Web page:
Wolfgang Savelsberg (head of the department of castles and collections at the KsDW) presented a knowledgeable lecture on the history of the “South Sea curiosities” of Wörlitz, where they had been publicly accessible for a long time at a purpose-built “Forster pavilion” atop the Eisenhart.
In his presentation, “The Wörlitz example: Regarding the renaissance of old South Sea collections” Dieter Heintze (GFG, Bremen) pointed out that it was only during the past three decades that engagement with these collections intensified to a point that did justice to their significance for their original communities, the contexts of the cultural transfer as well as the respective views of one community towards the other.
Phyllis S. Herda (Department of Anthropology, University of Auckland) shed some light in her talk on the Forsters’ stay in Tonga during a period of frequent change in the history of these Polynesian islands. She scrutinised the ethnological descriptions of these two naturalists, the images created in the process, artefacts (bartered and given), as well as the influence that these “remnants” of the expedition had on the understanding of past events and the direction of Tongan politics during the second half of the 18th century.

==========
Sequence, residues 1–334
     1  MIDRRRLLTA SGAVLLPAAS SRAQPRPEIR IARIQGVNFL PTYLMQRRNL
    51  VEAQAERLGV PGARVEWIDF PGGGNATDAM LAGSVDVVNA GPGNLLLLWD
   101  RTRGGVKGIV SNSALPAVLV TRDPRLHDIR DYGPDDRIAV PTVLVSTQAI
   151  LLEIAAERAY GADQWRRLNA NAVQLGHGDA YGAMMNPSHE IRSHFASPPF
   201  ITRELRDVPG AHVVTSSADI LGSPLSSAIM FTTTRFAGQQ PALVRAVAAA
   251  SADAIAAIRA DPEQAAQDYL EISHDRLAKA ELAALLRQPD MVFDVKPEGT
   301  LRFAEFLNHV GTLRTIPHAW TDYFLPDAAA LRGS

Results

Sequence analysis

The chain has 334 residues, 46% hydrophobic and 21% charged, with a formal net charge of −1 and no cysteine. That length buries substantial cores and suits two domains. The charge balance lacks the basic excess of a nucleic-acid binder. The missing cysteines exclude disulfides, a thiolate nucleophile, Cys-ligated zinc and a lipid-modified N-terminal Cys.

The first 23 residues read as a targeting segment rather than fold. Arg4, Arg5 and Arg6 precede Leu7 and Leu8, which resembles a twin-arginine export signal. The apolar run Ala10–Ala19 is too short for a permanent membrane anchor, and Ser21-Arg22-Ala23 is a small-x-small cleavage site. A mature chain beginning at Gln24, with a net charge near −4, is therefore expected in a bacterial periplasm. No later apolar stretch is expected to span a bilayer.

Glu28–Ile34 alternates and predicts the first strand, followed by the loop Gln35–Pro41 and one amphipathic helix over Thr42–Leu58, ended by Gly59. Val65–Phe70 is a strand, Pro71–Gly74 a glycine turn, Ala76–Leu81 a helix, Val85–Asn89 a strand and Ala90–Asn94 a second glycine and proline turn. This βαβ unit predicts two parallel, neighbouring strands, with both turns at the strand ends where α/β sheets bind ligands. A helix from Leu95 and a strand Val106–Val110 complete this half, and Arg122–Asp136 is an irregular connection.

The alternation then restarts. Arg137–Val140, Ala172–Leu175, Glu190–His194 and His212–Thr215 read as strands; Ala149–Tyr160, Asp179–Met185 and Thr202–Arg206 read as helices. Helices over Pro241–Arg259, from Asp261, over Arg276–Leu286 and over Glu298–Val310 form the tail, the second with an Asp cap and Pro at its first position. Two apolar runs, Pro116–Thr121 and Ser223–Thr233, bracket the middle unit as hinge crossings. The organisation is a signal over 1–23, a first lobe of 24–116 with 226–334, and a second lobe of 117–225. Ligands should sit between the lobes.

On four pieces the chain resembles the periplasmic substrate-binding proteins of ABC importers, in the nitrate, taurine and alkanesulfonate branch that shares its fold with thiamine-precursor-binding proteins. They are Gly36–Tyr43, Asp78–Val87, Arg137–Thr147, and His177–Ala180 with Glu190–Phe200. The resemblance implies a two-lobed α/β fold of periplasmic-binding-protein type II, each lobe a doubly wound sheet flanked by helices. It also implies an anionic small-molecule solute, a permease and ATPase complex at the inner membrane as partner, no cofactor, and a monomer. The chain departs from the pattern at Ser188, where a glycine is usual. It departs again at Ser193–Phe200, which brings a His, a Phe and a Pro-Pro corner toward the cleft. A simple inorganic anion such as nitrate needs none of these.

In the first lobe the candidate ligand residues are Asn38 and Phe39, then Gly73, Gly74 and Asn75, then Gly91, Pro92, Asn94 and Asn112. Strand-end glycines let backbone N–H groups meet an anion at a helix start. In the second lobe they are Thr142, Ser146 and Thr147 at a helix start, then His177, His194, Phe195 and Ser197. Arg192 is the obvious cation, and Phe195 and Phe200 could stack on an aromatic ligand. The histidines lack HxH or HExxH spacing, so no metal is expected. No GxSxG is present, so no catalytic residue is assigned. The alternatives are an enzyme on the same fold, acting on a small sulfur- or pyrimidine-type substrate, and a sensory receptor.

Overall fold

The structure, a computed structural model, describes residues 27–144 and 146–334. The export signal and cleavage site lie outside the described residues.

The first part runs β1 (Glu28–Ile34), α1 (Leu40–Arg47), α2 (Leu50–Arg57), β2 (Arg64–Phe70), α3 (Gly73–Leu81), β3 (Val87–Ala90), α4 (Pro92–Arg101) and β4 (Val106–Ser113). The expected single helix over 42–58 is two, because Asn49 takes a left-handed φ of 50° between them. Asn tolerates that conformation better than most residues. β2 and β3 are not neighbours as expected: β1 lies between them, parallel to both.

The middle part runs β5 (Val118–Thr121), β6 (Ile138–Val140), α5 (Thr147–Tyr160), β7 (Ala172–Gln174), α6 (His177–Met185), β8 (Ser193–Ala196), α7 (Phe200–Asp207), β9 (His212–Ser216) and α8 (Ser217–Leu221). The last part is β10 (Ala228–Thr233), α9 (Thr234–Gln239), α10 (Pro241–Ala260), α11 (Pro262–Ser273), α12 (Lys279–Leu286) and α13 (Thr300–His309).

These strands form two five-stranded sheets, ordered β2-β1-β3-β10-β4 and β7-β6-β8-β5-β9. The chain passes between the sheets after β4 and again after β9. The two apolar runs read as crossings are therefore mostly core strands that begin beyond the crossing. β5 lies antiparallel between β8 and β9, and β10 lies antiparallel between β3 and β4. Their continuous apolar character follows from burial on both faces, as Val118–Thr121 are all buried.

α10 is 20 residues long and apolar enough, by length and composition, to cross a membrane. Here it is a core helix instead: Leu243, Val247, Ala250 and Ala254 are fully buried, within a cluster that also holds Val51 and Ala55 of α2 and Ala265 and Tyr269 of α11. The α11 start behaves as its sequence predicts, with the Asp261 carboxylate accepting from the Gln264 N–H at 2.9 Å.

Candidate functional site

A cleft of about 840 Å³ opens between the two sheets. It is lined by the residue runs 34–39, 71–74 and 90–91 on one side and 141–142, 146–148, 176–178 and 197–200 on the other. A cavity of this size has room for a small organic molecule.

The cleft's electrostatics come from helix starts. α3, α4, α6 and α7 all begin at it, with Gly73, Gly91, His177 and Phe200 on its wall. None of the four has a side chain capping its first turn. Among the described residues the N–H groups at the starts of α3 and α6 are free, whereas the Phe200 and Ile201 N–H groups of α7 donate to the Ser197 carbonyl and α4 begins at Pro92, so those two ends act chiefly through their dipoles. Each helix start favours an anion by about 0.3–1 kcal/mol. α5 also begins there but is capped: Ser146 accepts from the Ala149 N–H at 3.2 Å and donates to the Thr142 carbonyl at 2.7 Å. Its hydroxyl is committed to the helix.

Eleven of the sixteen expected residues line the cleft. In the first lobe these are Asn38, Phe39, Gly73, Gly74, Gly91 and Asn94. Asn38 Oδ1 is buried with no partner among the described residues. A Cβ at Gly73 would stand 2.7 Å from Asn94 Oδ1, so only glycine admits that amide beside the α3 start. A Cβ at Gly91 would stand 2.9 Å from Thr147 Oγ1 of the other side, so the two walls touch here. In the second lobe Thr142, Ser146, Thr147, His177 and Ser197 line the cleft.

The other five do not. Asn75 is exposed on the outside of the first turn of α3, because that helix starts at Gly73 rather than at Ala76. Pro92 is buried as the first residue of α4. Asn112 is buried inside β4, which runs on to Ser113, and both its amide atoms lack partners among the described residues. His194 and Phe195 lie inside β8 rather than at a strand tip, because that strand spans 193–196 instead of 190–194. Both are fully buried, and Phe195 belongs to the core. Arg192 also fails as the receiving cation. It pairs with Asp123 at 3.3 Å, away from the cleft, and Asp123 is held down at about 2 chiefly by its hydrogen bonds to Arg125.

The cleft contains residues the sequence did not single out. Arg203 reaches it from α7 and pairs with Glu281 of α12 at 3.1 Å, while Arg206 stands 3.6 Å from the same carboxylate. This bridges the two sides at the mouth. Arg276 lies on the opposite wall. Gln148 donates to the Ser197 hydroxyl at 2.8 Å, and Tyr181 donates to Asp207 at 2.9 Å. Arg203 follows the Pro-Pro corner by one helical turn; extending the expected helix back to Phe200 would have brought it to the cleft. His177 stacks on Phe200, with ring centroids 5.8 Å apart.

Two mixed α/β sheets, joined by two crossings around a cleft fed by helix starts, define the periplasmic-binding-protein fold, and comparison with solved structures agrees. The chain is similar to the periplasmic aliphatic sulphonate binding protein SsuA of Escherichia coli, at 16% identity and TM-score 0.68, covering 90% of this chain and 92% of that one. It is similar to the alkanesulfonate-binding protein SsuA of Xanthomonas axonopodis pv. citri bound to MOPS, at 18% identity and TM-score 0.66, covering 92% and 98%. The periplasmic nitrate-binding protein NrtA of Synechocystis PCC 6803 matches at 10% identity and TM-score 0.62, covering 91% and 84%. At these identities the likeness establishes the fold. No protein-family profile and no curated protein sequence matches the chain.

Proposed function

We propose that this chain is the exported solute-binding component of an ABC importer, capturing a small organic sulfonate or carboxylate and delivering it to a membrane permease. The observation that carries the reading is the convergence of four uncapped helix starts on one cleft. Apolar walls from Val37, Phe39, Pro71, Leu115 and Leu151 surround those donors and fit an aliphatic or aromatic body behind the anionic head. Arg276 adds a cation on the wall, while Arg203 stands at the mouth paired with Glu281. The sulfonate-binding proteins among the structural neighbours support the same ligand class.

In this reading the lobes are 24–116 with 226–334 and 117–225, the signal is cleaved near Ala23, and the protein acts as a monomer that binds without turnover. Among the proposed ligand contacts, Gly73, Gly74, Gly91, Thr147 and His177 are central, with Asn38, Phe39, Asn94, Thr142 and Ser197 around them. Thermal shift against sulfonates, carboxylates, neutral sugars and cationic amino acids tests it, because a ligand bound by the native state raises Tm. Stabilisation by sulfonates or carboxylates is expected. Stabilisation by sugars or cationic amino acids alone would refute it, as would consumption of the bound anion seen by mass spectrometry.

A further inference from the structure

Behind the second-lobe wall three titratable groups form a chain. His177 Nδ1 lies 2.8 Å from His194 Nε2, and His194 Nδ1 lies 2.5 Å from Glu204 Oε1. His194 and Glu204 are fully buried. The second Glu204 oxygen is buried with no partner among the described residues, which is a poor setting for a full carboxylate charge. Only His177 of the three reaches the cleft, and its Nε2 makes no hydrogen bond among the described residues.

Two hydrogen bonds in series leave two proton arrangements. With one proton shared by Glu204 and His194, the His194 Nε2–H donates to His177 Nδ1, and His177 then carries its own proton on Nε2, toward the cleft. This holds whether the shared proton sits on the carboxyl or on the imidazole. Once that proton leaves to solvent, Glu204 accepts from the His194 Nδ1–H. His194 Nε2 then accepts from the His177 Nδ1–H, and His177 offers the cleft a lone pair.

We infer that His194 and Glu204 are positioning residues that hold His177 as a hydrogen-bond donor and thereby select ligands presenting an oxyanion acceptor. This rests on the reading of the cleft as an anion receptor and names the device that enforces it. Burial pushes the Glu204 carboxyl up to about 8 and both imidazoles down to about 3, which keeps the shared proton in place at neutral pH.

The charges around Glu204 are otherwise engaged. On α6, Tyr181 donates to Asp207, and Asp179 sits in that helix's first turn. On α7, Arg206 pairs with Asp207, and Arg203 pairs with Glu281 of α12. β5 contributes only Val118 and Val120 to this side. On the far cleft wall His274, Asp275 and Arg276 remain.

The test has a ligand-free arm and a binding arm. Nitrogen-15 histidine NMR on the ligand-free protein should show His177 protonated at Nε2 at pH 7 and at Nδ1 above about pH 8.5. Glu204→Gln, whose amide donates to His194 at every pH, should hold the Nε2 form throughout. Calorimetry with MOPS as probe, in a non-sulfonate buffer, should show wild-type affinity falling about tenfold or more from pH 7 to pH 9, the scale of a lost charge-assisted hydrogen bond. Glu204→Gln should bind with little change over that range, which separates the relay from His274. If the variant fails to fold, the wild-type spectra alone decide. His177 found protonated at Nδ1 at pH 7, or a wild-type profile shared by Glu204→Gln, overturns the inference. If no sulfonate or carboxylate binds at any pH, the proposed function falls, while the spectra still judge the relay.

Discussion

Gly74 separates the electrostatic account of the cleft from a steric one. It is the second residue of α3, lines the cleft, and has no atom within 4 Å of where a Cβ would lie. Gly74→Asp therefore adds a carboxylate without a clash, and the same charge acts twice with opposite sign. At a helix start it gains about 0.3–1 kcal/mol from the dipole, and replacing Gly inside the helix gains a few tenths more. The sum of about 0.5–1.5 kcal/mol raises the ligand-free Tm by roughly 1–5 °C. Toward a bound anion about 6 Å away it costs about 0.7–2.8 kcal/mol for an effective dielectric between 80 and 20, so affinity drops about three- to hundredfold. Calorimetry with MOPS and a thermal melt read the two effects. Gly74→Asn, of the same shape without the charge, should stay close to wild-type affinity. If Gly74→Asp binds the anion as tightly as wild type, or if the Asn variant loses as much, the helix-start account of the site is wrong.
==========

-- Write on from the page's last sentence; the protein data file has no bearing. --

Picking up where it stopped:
Frank Vorpahl4 (GFG, curator of the exhibition) presented “Tapa from Tonga and bags that aren’t actually bags”. He described the long years of research undertaken regarding the provenance, origin and acquisition of these artefacts, and gave a critical reflection of the profound writings of the Forsters—a basis for research that could open up a new perspective on the Wörlitz collection. Of particular importance was the intensive exchange with experts from Tonga and New Zealand, together with the project group “Ancient Futures” of the University of Auckland and the cultural work shop “Ancient Tonga” in Nuku´alofa, which contribute to the revitalisation of Tongan cultural heritage today.